Daily Fantasy Tips and Strategies

By Jen Ryan
Jen Ryan This year, I am back on the grind chasing those elusive million dollars that have eluded me since I saw the commercials promising to make me a millionaire by playing daily fantasy football. I love every aspect of chasing that top prize, and every other prize in between. The Sunday sweat is fun and riddled with anxiety, but it is the process leading up to Sunday that I am most passionate about. The research I put into my daily lineups is what really gets me going, and it is an ongoing process that begins on Tuesday mornings when salaries are released and runs all the way until lineup lock at 1PM on Sunday. Everyone has a process, and I encourage you to discover your own, but there are a few tips and strategies that people who do this for a living use, and I try to mimic those while implementing my own process. Here are the things I focus on throughout the week, each week, during the football season in my quest to become a millionaire playing fantasy football.

Vegas, Baby

Many of your favorite DFS professionals begin their week taking a look at the lines that the bookmakers in Las Vegas put out for the week’s slate of games. I try to mimic the professional players, so this is where I also begin my week. Bookmakers are very sharp and get paid the big bucks for a reason. These lines are useful in daily fantasy and are a great place to start. The logic is simple -- target games with high lines rather than low lines. The Atlanta Falcons constantly had high lines in their games in 2016, where they averaged almost 34 points per game, and it meant good money for daily fantasy. Matt Ryan, whose salary never exceeded $7,300, had eight games with at least 20 points in 2016. Games with high lines and close spread are the ones you want to target for your top players, as they indicate shootout potential. In a game with a larger spread, it makes sense to target the quarterback of the dog team, who will have a chance to rack up some points in garbage time. The flip side of high-line games are the low line ones. A matchup between the Los Angeles Rams and the Houston Texans would likely yield a low Vegas line, and you will want to consider rostering either defense. Lines should be observed in the beginning of the week, but pay attention to line movement as the week progresses.

To build on Vegas lines, player props are also something you should factor into your research. Props are an indicator of what the bookmakers expect from players in terms of receptions, carries, yards, pass attempts, etc. The lines are designed to be tight to draw the gambler (me!) in. Last season, DeMarco Murray’s total yardage prop hovered around the 96 yard mark. This was a bet I placed almost every week and utilized when building my daily lineups. In Week 9, Murray’s DraftKings price was $7,600, which was the second-highest price tag he had at that point in the season. He rushed for just 51 yards. The following week he rushed for a season-high 123 yards and scored a season-high 31 DraftKings points at a cost of just $6,900. While his cost was affected by his poor yardage output, his prop yardage was not, and he hit a 4.5x value that week.

Salary Fluctuation

Murray’s Week 10 is a great example of why we should be tracking salary every week. On FootballDiehards.com, we provide a page of salary each week for both of the big sites where we also give you each player’s Value-Factor, which is the Diehards forecasted fantasy score divided by salary per thousand. The larger the Value-Factor, the better. Value is one of the most commonly used terms in daily fantasy sports. We always want to find that right price on the right player to hit value. If a player’s salary continues to increase each week, that player’s chances of hitting value decrease. Conversely, as a player’s salary continues to dip, their chance at hitting value increases. The trick with tracking salary is to catch a player after a few down weeks or get ahead of his breakout. Jay Ajayi was one of the more hyped up players coming into the 2016. In Week 1, Coach Adam Gase shockingly told Ajayi to stay home for their road game against the Seattle Seahawks. People largely wrote Ajayi off at this point, and with good reason. It is never a good thing when a player is told to not even bother boarding the plane.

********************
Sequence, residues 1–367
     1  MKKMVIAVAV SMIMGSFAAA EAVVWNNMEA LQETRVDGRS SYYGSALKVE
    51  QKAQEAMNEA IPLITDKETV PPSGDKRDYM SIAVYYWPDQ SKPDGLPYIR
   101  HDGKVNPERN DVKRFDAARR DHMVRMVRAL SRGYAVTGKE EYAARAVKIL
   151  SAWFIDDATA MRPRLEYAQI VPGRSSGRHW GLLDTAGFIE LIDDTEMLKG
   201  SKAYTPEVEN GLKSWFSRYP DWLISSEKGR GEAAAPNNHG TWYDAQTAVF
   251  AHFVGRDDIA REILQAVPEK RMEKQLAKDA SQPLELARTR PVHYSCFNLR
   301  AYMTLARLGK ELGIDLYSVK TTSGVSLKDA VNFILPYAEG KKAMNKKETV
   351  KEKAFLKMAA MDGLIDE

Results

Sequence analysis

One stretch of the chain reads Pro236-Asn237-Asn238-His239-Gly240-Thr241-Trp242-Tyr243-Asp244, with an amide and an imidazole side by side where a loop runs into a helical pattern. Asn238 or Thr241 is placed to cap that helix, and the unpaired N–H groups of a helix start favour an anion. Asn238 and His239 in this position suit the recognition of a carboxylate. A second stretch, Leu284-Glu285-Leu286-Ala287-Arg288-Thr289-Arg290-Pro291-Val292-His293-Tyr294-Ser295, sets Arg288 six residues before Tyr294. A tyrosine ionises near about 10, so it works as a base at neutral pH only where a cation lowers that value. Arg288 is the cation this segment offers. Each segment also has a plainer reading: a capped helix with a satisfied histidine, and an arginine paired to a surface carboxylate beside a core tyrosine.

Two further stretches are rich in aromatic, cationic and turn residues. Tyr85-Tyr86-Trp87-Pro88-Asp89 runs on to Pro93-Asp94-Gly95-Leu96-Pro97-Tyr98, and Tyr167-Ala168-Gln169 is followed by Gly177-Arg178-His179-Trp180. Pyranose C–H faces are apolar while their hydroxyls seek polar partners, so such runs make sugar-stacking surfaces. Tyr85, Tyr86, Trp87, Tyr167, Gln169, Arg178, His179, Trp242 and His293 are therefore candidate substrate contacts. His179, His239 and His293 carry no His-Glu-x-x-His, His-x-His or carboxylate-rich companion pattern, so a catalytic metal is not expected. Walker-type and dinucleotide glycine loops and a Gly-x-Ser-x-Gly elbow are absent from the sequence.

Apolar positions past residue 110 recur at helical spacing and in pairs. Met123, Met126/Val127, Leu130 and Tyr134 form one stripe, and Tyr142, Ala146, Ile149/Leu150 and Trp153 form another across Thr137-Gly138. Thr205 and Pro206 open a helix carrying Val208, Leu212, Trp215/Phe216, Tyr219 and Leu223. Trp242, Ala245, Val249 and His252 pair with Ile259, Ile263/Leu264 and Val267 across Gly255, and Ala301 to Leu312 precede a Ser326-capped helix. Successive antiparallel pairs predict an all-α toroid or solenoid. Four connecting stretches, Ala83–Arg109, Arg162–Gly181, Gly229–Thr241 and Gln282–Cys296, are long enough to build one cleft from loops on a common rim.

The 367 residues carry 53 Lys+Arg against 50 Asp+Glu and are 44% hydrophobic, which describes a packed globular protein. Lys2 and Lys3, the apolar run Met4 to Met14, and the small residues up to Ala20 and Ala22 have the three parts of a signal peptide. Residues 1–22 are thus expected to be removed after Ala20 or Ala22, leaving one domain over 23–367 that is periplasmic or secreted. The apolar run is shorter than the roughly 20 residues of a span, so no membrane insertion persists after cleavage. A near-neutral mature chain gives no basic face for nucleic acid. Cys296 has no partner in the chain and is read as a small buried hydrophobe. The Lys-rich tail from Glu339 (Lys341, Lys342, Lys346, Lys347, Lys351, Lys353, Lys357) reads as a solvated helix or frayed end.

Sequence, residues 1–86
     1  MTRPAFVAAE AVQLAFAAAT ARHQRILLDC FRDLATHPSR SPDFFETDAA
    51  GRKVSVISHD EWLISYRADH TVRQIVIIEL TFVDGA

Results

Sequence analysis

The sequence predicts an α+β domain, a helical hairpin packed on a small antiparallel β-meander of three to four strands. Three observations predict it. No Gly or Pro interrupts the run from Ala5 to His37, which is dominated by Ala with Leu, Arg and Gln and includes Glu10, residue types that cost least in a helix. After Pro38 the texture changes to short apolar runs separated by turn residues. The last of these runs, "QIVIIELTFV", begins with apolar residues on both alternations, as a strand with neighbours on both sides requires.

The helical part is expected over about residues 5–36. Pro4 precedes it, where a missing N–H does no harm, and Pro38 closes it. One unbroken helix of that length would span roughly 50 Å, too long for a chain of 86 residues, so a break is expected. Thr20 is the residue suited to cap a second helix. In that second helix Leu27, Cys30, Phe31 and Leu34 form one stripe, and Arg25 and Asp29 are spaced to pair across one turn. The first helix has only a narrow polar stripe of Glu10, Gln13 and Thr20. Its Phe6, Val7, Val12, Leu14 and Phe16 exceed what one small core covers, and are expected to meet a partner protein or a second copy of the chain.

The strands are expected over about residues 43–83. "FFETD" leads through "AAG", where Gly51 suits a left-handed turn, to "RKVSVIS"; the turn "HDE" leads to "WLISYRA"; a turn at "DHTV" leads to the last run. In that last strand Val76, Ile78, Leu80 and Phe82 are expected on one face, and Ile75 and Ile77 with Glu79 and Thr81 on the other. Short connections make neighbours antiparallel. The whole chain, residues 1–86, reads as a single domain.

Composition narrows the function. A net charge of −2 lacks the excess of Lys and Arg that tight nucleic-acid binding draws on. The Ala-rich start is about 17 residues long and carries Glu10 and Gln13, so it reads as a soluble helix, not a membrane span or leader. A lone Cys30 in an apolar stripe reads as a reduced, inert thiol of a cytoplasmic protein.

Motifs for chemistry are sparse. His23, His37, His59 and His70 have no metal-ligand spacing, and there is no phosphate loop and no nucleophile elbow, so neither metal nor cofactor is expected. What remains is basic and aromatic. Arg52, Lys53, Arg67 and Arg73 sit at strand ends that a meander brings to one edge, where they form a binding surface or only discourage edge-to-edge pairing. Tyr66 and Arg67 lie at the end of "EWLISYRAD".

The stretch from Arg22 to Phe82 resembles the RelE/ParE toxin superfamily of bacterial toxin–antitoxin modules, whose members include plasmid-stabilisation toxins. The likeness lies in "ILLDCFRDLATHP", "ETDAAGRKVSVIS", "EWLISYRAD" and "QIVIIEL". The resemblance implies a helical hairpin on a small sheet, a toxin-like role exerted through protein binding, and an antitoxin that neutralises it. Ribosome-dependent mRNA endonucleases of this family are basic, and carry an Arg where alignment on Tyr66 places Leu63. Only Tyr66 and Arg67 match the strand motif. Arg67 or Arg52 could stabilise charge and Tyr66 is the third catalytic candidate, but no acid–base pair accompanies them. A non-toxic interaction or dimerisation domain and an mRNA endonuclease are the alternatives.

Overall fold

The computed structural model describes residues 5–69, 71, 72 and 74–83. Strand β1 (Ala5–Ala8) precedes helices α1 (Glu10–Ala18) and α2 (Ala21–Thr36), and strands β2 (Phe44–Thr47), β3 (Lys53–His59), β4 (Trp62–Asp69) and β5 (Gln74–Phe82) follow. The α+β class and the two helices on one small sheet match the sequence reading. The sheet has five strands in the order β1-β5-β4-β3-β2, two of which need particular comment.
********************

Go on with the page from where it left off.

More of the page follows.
Over the next three games, Ajayi received a combined 18 carries and his salary never went above $4,000. Ajayi saw his first double-digit carry game (13) in Week 5, when his salary had dropped to a season-low $3,500. His salary saw no change in Week 6 when he broke out for a season-high 36.7 DraftKings on 26 total touches against the Pittsburgh Steelers, who were ranked 25th against the run. Those who were looking for a cheap value at running back that week and noticed how Ajayi was being eased into a role with meaningful touches hit an absolute gold mine in Week 6.

Golden Tate experienced a similar Week 6. After opening the season at $7,300, Tate did next to nothing while Marvin Jones started strong and continued to increase in salary. In Week 6, he saw a season-low salary tag of $4,400 and scored a season-high 33.8 DraftKings points. This is exactly why we need to pay attention to salary. The fine line between the right price and the big week is the sort of thing that can win you one of these big prize pools.

Play the matchups

Sharp fantasy players looking to save money may have rostered Ajayi on that fruitful week based off the soft matchup against the Steelers’ run defense. Matchups are crucial in every format of fantasy football. As daily fantasy sports continue to evolve, so does information and analysis. A popular trend of analysis last season was the increased focused on wide receiver vs. corner back (WR/CB) matchups. Receivers are the bread and butter of daily fantasy, and gone are the days where we just pick a particular defense. We are now picking individual players, and it is the latest edge one can get in daily fantasy football. As I mentioned previously, the Atlanta Falcons were in high scoring games more times than not. Playing a receiver against the Falcons was not only intuitive for point total purposes but if you dug deeper into the stats you would know that Robert Alford was the right corner to pick. He gave up seven touchdowns in coverage last season and played a league-high 695 snaps in coverage. He played the majority of those snaps as the right corner, so it would make sense to look at the receiver on the opposing team who lines up for the majority of his snaps on the left side of the field. Taking analysis further to more advanced statistics is not only where you can find your edge and exploit a match-up but it is necessary to keep up with the rest of the field in large tournaments.